When people find out what I do in my position, I often get asked why we need technology in schools. Yes, often I get asked this question. Sometimes it comes from a teacher, sometimes from a parent or community member, but they always want to know why there is a push to have students on devices for everything they do. My response, even as a tech person, actually, especially because I’m a tech person, is always:
- I don’t believe that tech is appropriate in every teaching scenario, just as I don’t think there should be a specific time that tech is allowed to be used. Many times, the most innovative, dynamic lessons are a combination of tech, hands on building and creativity. Sometimes, there are activities where tech might be used very little, and if kids are learning, that’s okay, too.
- It’s never about the technology, it’s how we use it. A digital worksheet is still a worksheet no matter how fancy you make it look. Technology allows us to reach out and learn about concepts in a deeper way than without it. It’s our responsibility to allow kids to think innovatively, and then give them the space to create and explore using what they’ve learned.
- Kids are not uncomfortable with technology. Adults are. If we don’t teach them to be safe, use it appropriately and to build their own positive digital footprint, they will use it in any way they know how, which is probably in a way that is undesirable. If we haven’t taught them these skills, it is us who have failed them.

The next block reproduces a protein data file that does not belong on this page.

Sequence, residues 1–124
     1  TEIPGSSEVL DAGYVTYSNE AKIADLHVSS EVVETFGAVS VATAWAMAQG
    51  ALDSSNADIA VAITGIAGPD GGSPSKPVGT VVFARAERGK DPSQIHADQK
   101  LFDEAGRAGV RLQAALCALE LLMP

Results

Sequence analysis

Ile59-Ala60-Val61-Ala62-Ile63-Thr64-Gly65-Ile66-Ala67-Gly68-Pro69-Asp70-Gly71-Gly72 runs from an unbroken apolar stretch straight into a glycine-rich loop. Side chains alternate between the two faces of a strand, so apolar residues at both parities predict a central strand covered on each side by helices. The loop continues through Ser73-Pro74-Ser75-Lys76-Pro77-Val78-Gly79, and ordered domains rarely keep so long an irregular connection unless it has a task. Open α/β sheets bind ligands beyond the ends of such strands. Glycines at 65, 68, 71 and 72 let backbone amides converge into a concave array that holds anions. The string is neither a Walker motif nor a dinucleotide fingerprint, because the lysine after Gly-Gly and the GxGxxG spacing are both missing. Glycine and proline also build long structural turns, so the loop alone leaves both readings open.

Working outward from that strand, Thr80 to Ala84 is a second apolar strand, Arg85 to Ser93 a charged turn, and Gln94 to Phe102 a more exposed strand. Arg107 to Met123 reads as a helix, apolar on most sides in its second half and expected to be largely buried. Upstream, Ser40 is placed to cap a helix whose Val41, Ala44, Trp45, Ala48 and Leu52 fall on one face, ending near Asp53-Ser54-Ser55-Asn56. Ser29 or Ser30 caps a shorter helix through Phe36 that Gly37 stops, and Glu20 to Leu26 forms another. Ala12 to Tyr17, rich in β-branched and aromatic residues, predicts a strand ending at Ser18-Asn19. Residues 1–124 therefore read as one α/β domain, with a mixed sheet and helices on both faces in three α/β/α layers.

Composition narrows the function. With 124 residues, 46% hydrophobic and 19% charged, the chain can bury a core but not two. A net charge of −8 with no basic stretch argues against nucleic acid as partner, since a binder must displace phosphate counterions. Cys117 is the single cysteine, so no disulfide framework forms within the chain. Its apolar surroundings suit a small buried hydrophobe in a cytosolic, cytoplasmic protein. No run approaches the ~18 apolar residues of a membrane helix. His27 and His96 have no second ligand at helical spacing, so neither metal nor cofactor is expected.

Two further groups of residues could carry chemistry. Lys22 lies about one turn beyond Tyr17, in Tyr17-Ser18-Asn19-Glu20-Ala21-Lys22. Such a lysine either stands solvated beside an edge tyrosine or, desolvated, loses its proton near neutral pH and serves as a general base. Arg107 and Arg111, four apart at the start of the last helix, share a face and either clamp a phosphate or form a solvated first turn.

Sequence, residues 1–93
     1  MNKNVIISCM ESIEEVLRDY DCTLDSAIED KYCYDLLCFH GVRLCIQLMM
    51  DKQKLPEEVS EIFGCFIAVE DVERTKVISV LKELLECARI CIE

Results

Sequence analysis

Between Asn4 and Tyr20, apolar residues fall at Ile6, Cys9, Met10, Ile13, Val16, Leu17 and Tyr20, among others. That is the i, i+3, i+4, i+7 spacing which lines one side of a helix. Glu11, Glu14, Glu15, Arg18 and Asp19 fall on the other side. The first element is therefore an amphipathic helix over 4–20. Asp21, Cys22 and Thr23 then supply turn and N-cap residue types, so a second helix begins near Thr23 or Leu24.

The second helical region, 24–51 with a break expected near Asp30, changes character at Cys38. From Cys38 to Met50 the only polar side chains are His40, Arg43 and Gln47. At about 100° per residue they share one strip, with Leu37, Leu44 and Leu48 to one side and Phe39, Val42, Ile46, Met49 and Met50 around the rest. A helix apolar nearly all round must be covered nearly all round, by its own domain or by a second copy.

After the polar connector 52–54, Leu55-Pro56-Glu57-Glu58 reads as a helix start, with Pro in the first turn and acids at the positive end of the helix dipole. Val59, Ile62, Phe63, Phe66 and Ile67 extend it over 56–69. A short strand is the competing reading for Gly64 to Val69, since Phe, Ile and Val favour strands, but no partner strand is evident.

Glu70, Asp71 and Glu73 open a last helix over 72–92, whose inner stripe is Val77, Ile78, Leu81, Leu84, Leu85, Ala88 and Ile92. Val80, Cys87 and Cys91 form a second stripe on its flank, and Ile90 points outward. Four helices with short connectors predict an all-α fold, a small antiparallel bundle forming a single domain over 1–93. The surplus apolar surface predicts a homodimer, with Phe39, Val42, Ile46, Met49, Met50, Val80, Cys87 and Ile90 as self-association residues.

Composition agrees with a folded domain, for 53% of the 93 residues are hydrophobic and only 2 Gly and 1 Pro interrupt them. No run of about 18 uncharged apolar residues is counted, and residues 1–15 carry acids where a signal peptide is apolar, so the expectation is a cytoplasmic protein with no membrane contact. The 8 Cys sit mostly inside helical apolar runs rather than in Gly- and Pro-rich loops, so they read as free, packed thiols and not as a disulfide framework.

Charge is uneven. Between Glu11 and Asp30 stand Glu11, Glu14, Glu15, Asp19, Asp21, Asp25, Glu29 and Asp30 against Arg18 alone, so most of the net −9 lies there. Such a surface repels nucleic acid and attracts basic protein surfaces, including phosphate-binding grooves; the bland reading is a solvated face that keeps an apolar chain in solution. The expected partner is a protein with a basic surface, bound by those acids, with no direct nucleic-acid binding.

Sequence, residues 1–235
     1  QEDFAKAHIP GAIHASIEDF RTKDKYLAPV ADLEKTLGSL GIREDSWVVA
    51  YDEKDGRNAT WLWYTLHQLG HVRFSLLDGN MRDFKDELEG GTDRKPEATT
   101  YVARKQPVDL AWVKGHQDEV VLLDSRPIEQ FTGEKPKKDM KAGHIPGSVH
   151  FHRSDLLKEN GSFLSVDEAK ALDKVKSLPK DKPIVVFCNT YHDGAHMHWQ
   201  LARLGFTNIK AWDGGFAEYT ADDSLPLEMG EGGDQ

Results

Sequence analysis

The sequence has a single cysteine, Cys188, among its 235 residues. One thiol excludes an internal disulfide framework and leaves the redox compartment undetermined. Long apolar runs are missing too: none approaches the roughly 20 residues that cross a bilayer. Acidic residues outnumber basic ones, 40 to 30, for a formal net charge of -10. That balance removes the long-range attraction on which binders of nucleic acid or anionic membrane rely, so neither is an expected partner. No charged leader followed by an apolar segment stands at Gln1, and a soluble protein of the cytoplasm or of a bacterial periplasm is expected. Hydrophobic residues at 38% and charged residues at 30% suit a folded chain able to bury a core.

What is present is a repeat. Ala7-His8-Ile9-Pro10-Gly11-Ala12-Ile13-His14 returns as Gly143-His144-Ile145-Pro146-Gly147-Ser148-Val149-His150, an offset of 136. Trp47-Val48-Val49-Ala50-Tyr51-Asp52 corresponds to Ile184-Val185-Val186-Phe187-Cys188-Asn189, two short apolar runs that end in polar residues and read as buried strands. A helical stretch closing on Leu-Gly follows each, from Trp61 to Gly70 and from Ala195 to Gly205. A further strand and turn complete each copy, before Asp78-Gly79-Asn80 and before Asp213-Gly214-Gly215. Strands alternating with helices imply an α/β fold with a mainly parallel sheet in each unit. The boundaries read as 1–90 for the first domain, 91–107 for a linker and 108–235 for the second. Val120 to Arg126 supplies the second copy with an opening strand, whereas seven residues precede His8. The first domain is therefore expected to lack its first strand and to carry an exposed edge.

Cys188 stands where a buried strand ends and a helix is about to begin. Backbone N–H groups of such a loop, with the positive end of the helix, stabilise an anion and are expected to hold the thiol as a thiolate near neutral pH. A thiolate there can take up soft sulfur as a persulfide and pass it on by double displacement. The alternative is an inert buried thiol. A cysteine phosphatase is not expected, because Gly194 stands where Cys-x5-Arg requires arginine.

- Among many other reasons, by denying the use of technology to students, we are not preparing them for a world that they will be living in.
Over the weekend, I read the article calledand about the same. The overall idea is that Elon Musk, along with other super smart, famous people like Stephen Hawking, think it’s possible that with the way AI is evolving, that we (the human race) won’t be able to keep up with the advancements. Musk has developed a company whose goal is to “develop a device (a brain-computer interface, to be exact) that could be implanted into the brain in order to augment (see: improve) human intelligence.” The chip, already being developed, “is meant to push our cognitive performance to a level that is comparable to that of AI.” The timeframe for use? Eight to ten years.
That is the world we are preparing our kids for. According to this article, this could be available prior to our kindergarteners graduating high school.
Again, let that sink in. That is the world we need to be preparing our kids for.
So, to me, the questions shouldn’t be about IF or WHY we are using technology with our students. The questions should be How can we best prepare our students for a world where they are submersed in technology? A world where technology is so ingrained in what they do that there is not a time distinguishable from when they aren’t using it to when they are?